Bespoke Illustrator Training in the Fashion industry
I recently ran a bespoke course for university graduates looking to upskill their textile design portfolio The job market in the fashion industry and for recent graduates has become increasingly competitive.
I enjoyed teaching this course, as it was a very interactive course between the delegates and myself, in terms of questions being asked and problem solving required, so keeping me on my toes. I often find the bespoke course more rewarding, as you are solving unique and more real-world problems that will help delegates produce work and save time.
The delegates were also very engaged as they were learning new skills, but more importantly learning solutions for problems they had, and were very happy with the solutions given.
Although I have worked as an Illustrator for many years, I’m not a fashion or textile illustrator. I created the course myself as I found that many delegates attending the Illustrator 101/201 course were from that industry. Due to the nature of the Illustrator 101/201 courses there is no time to focus on textile or fashion illustration in detail, as the courses are more generic. Teaching delegates who had trained in this industry confirmed that I have acquired a great amount of knowledge about his industry, and was able to train it confidently, which is also reassuring.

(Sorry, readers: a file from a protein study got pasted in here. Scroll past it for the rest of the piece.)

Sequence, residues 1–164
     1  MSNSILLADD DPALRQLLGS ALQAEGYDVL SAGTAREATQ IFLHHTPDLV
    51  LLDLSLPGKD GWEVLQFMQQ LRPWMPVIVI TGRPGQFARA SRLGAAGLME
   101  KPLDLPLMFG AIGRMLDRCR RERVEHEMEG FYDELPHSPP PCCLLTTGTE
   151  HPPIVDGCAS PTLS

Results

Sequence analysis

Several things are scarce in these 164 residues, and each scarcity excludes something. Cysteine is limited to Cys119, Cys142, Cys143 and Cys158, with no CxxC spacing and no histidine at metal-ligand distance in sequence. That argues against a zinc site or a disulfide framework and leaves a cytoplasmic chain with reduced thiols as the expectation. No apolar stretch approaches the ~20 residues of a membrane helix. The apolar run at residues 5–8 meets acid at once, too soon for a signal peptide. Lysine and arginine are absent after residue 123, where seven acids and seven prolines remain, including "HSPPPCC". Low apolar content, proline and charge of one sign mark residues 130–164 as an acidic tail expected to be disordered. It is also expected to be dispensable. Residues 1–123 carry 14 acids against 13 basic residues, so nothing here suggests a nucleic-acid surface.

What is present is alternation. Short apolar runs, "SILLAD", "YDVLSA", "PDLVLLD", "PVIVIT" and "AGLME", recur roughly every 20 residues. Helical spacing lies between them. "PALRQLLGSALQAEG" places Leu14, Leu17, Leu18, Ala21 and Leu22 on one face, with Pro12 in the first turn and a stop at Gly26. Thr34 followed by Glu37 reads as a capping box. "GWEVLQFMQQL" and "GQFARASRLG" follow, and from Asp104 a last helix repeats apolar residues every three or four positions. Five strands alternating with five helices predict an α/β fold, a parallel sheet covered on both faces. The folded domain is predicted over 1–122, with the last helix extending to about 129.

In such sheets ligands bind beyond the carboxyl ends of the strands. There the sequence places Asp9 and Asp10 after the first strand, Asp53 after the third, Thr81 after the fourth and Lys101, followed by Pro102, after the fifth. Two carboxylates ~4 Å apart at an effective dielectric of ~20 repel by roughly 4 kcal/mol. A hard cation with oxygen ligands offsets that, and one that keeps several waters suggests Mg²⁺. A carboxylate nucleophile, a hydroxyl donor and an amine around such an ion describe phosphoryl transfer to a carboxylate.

Although the delegates were university trained, through interesting discussions they informed me that they were taught traditional skills and not digital skills, hence the reason they were on the course. Unfortunately for many students it seems that universities aren’t giving them the necessary skills for employment. Which of course is bad for them, but good for Academy Class.
The course centered on mainly making patterns, using the new pattern tool in Illustrator CS6. Delegates enjoyed the ease of use of the pattern tool with the advantage of the Appearance panel to layer up patterns and transform different fills. Many questions were focused on how multiple fill patterns could be used to stimulate fabric textures (see image). One of the delegates did not have CS6 so we created pattern tool functionality using CS5 as well – delighting the delegate.
Tweed pattern with fabric texture effect
Brushes also was another main are of focus, used to simulate stitching patterns on fabrics, for example cross stitching, zips (see image) etc. Once again the delegates were excited about the potential of this feature.
Zipper brush pattern
Many resources were shared with the delegates, such as websites about fashion design and Adobe Illustrator such as designersnexus.com